Australian Emily Seebohm saved her best swim for day 2 at the Queensland State Championships in Brisbane, Australia, after a mediocre swim in yesterday’s 100 fly.
In the Monday finals session, Seebohm’s best race, the 100 back, kicked off the competition, and she stepped up to the tune of a 59.37 for the event victory. That’s only a tenth of a second off of what she did at Worlds in July, and on the basis of her 100 fly swim from yesterday she is perhaps not at full rest.
Sophie Edington took 2nd in the race in 1:00.97, followed by Grace Loh in 1:01.60. For Edington, that’s actually a fairly strong time, as she’s generally a 50 meter specialist in backstroke.
Seebohm would also win the 200 IM in 2:13.37. She took the race out slow on the front half, though the fly and backstroke are strong strokes for her, and like more-and-more of the world’s top female IM’ers seem to be doing, she had a great breaststroke leg to take command of the race. In 2nd was Tomoyo Fukuda in 2:14.87, following by New Zealand’s Natalie Wiegersma in 2:15.74.
Speaking of 50-meter specialists, 2010 Commonwealth Games team member Daniel Arnamnart swam a 54.85 to win the men’s 100 backstroke. That’s easily his best time of the season after he’s taken off significant time from competition following a disappointing 5th-place finish in the 100 at April’s Australian Championships. Ashley Delaney, who finished 3rd at those same World Championship trials, was the runner-up here in 54.90.
Further down the results, Australia’s newest breakout sensation Cameron McEvoy finished 7th in 57.01. That’s not a great time like we saw from him in Sunday’s 200 free, but it is another career-best (by four tenths) in an off event. The ability to step up and swim finals in secondary events is a big piece of a young swimmer’s development, especially in Australia where many in-season meets are stretched out over a week or more.
Cameron’s younger sister Brittany McEvoy showed her freestyle chops on day 2 as well when she placed 2nd in the 15-year old girls’ 100 free in a swift 56.76. She’s been a bit faster this year, but like her brother she’s made big steps in 2011. Look for her to have a breakout year in 2012, though she’s probably a quadrennial away from threatening for a spot on the Olympic Team. The winner of that race was Brianna Throssell from Perth in 56.36.
Looking at other young men’s sprinters, in the 15 year old boys division Blake Jones of the same team as the McEvoy’s, the Southport Olympic SC, stood out in 52.31. Southport is really on their game and putting out some great freestylers right now.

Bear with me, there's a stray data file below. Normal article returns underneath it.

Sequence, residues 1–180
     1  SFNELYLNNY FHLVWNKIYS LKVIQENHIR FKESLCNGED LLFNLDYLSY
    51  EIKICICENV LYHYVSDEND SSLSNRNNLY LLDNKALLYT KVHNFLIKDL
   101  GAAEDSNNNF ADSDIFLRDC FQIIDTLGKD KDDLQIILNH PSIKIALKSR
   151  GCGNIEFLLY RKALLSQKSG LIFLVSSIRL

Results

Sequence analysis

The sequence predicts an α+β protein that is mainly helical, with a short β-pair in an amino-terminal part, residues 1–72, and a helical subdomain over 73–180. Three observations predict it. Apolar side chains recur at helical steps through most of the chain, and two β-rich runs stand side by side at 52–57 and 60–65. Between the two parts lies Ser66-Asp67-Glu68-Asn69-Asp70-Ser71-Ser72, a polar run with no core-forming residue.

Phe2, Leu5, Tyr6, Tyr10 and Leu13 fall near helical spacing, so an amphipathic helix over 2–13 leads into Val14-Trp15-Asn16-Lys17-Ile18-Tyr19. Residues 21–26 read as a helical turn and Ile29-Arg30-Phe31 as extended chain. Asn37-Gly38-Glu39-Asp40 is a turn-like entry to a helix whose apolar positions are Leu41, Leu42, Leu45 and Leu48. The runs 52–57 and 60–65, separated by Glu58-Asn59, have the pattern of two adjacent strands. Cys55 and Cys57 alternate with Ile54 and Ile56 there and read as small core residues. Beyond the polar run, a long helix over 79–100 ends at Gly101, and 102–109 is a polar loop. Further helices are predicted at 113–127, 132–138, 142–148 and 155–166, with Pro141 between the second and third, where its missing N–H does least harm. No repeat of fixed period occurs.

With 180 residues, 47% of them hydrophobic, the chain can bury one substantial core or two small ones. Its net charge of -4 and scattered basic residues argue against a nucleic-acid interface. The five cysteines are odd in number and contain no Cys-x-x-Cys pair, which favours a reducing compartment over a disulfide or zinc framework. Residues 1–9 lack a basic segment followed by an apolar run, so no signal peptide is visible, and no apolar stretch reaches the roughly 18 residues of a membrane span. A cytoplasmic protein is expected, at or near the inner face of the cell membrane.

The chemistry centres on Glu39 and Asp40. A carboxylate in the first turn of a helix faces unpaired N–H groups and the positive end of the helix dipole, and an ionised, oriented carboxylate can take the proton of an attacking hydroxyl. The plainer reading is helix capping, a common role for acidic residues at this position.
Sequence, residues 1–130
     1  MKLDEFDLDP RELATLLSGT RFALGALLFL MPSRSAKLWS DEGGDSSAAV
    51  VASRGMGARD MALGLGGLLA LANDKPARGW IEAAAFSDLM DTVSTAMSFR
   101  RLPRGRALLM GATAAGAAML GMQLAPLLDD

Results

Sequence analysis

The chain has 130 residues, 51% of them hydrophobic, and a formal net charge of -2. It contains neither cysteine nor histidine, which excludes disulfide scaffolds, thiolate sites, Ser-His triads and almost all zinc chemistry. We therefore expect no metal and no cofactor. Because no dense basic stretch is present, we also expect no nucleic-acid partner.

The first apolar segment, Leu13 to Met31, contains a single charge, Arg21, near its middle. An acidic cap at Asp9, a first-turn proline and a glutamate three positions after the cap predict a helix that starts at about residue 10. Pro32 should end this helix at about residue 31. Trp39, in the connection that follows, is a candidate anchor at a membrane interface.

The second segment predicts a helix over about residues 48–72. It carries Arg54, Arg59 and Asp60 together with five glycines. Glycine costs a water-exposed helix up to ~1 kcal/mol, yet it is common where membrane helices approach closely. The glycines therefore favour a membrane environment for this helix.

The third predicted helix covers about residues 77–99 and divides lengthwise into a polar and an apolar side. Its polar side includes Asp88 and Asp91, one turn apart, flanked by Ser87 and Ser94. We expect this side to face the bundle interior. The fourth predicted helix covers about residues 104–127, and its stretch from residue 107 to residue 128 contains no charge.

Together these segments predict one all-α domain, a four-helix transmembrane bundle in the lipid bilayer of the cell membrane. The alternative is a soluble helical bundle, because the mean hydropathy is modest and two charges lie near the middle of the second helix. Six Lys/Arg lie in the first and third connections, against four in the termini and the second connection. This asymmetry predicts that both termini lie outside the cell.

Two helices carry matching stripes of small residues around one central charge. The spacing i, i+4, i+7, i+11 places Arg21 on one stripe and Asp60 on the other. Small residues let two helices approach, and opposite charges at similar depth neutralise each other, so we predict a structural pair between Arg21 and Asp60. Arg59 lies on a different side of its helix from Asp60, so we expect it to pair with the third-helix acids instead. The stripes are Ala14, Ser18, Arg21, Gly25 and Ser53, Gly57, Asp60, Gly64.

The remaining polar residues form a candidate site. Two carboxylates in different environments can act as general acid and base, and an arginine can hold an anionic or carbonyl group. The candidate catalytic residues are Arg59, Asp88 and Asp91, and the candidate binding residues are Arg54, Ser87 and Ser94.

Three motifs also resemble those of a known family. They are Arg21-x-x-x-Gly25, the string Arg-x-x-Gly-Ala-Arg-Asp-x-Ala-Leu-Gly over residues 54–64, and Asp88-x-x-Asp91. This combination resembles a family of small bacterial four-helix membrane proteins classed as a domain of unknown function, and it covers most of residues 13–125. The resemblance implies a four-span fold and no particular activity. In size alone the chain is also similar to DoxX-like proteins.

Back to the senior division, in the women’s 400 free Katie Goldman swam a masterful 4:06.98 to win the women’s 400 free. Relative to her bests, that was a much stronger swim than she did in the 200. Her splits were 59.9-1:02.5-1:02.9-1:01.6. On the basis of this swim, expect a great 800 free later in this meet that runs through Saturday.
In the men’s 400 free, Kore’as Tae Hwan Park who trains in Australia came back on Monday to win the men’s 400 in 3:49.44 after failing to final in Sunday’s 200 free. That’s still not an awesome time, but it certainly showed a better focus than did his 200.
Leisel Jones ton the women’s 100 breaststroke in 1:07.46, which is much better than she typically goes in December. China’s Li Ping Ji took 2nd in 1:08.44.
Even more impressive was Christian Sprenger winning the men’s race in 1:00.07. That’s the best time he’s gone since the rubber-suited 2009 World Championships, which will hopefully bring some stability to the Australian breaststroke group that has been volatile since having such a great 2009 season. Brenton Rickard took 2nd in 1:01.63.
With the above pair aging (Rickard is 28, and Sprenger turns 26 next week) we also got an introduction to the new blood of Australian breaststroking on Monday morning when 16-year old Tommy Sucipto of the South Lake Dolphins won his age division in 1:02.93. Similarly on the women’s side, where Jones is also 26, the girls’ 16-years race was won by Taylor McKeown in 1:08.98. In the senior race, those times would have both earned (or come extremely close to) medals.